Matthew Herper wrote an article about a tiny biotech preparing for its initial public offering by licensing a promising anti-cancer drug from Merck. According to Herper, the start-up is attempting to repeat the success its top executives had turning Big Pharma’s castoffs into hits at MGI Pharma — bought by Eisai for $3.9 billion in 2008. My first question is: if the drug is so promising, why would Merck dump it? Herper’s article was on the Forbes website on the afternoon of June 6, 2012. Since the announcement, Merck (NYSE: MRK) stock has moved up about a dollar by the end of the week. Just one day prior, Merck received a complete response letter from the FDA saying it “cannot approve the application for its drug ridaforolimus — an investigational oral mTOR inhibitor under development for maintenance therapy for patients with metastatic soft tissue or bone sarcoma who have stable disease or four or more cycles of chemotherapy. What gives? I would think not getting a drug approved and dumping a “promising drug” would result in a sharp decline.
Announcements’ Impact On Share Price
I decided to do further research on these types of announcements and their effects on stock price. A research article by Sarkar and de Jong, published March 2006 in the Quarterly Review of Economics and Finance entitled, “Market Response to FDA Announcements,” found that investors adjust expectations through the approval process, and most uncertainty is resolved by final approval. So according to these authors, if a drug receives a nonapprovable letter from the FDA, the stock shouldn’t take a hit. In support of this assertion, Allan Detsky, M.D., Ph.D. and colleagues did a retrospective analysis of stock prices of publicly traded biotechnology and pharmaceutical companies before and after key public announcements from January 2000 to January 2009. There were 23 positive and 36 negative Phase 3 clinical trials involving cancer drugs resulting in 41 positive and 9 negative FDA regulatory decisions. The researchers found that the average stock price of a drug 120 days before a Phase 3 clinical trial announcement showed an increase of 13.7% for companies reporting positive trials and a decrease of .7% for companies that reported negative trials. However, company stock prices before FDA regulatory decisions did not differ between companies with positive and negative decisions. According to these researchers, one possible explanation for these trends is inside trading. Last time I checked, insider trading was illegal.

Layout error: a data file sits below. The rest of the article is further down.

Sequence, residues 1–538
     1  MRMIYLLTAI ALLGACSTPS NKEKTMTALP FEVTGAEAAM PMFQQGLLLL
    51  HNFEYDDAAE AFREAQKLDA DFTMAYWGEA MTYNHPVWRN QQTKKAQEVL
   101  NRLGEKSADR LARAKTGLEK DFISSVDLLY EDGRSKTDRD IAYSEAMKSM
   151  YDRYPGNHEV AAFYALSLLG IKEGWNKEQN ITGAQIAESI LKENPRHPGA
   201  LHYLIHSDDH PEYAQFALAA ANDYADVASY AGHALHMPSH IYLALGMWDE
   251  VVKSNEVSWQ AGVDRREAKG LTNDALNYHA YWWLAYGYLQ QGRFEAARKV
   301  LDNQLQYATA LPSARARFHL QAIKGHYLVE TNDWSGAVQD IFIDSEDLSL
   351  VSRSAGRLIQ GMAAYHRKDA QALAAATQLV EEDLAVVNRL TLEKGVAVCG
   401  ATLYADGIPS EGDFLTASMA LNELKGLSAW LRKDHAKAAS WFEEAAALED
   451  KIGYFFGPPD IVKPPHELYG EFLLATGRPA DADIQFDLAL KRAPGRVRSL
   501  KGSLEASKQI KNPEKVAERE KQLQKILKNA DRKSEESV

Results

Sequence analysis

In December 2011, I posted a blog entitled, “A Novel Approach To Shortening The Drug Approval Process,” in which I note how law makers are not prohibited from acting upon insider information they may get from companies, such as positive clinical trial results which are not yet public. According to the Detsky article, “The results of this study call for increased awareness by investigators regarding the legal and ethical aspects of divulging nonpublic information regarding clinical trials.” In an accompanying editorial, Adam Feuerstein, a senior columnist at TheStreet, and Mark Ratain, M.D. of the University of Chicago, wrote that the suggestion by Detsky and colleagues that some investigators involved in Phase 3 trials are illegally tipping the results, which is a criminal violation of the Securities Exchange Act, is “of grave concern.” Really? Perhaps a few clinicians have broken the law, which would be unfortunate. Of graver concern to me is when laws are structured by lawmakers to their exclusion of prosecution. Plenty of members of congress have used insider information on drug clinical trials to feather their nests. Check out www.opensecrets.org to learn who, and while doing so, ponder what former President Theodore Roosevelt once stated — “No man is above the law and no man below it.” Why does the rule of law seem not to apply to government legislators?